Back to Paddington Pound
PADDINGTON POUND. English, Air (4/4 time). F Major. Standard tuning (fiddle). AB. The melody is mentioned in a traditional English folksong called “The Maypole”:
“Begin,” says Harry,
“Ay, ay,” says Mary,
Let’s lead up Paddington-pound,
“Oh, no,” says Hugh,
“Oh, no,” says Sue,
Let’s dance St. Ledger [Sellinger's Round] round.
Then every lad did take
His hat off to his lass;
And every maid did curtsey, curtsey,
Curtsey on the grass.
Paddington Pound was an area of London and takes its name from the area (or 'pound') around the Paddington Tree, the name of a hangman's gibbet. There is an old air and lute tune dating to the reign of Queen Elizabeth with the very similar title "Packington's Pound," although that triple time melody and duple time Geoghegan's "Paddington Pound" are quite different. However the similarity of the titles and the various spellings (Chappell also gives "Paggington's Pound" for the Elizabethan melody) means the two would often be confused. It seems likely, for example, that the melody referenced in the folksong "The Maypole" was the older "Packington's Pound."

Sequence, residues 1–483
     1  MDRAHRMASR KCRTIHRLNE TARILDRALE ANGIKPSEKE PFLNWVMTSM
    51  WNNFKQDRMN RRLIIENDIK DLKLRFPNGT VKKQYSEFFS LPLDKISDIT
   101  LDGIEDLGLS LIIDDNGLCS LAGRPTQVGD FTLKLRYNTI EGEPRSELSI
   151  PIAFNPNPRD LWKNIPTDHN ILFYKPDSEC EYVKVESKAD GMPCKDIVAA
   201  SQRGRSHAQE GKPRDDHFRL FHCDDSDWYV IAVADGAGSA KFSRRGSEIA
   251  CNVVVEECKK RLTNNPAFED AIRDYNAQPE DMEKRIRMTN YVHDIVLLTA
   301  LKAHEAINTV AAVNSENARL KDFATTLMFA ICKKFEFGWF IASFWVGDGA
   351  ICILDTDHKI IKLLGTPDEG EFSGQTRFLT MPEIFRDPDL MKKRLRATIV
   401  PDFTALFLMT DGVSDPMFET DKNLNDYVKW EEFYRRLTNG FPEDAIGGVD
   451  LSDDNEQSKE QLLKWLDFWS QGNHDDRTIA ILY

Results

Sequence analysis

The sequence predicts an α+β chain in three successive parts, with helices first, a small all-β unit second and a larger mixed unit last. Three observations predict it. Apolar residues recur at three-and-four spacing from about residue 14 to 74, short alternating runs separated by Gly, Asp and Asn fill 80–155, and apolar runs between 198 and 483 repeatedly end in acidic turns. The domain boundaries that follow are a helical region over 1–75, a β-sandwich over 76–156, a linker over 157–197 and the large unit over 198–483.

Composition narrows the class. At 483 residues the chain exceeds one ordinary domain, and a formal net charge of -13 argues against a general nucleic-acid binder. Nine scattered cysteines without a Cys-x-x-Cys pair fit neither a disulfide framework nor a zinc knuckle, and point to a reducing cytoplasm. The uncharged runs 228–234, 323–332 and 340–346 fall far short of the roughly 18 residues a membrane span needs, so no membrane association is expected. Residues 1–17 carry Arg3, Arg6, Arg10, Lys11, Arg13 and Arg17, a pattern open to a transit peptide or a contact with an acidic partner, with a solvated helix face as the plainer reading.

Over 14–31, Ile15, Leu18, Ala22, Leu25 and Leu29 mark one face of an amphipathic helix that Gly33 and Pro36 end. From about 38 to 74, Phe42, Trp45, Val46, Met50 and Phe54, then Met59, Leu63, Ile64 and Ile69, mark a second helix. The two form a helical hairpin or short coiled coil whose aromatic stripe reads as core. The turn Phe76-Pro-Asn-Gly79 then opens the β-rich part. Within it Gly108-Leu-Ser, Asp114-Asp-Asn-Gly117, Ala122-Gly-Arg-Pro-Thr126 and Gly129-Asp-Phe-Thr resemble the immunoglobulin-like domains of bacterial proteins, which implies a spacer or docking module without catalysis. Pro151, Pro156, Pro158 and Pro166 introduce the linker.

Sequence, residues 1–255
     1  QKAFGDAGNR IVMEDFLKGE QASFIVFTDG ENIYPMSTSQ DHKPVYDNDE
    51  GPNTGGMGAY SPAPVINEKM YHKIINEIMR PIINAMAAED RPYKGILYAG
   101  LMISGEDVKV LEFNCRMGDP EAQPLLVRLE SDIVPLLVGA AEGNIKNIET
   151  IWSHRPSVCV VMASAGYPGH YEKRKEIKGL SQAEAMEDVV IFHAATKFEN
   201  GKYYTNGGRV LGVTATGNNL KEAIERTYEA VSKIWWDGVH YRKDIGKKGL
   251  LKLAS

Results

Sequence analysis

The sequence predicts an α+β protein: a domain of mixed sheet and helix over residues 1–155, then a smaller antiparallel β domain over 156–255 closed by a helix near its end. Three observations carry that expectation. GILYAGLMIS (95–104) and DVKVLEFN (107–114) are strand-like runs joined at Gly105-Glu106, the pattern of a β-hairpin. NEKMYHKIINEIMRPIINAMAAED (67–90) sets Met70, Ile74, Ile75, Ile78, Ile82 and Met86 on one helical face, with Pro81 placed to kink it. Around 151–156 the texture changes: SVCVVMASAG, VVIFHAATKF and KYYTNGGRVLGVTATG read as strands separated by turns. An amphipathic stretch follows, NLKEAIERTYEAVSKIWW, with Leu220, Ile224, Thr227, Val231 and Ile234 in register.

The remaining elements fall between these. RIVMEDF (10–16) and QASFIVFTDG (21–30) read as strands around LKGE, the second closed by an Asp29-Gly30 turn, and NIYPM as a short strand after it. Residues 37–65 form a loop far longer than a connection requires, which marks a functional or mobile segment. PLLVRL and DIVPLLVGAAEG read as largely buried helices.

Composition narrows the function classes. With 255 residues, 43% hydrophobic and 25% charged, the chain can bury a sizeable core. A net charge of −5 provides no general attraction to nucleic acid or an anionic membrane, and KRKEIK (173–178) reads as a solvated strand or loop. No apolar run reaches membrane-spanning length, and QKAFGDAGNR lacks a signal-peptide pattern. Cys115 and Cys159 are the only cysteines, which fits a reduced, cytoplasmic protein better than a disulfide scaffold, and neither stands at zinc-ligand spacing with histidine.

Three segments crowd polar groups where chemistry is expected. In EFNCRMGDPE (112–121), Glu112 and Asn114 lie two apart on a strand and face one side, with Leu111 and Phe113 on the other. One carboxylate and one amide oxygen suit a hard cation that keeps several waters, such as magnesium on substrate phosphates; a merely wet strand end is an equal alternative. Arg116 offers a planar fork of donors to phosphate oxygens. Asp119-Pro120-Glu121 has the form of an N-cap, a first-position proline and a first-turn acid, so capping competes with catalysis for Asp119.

Source for notated version:
Printed sources: Geoghegan (Compleat Tutor for the Pastoral or New Bagpipe), c. 1745-46; p. 33.
Recorded sources: Dorian Records, Various artists – “Elizabeth’s Music” (1999). Virgin Veritas 482079-2 138m DDD, The Musicians of Swanne Alley – “In the Streets and Theatres of London.”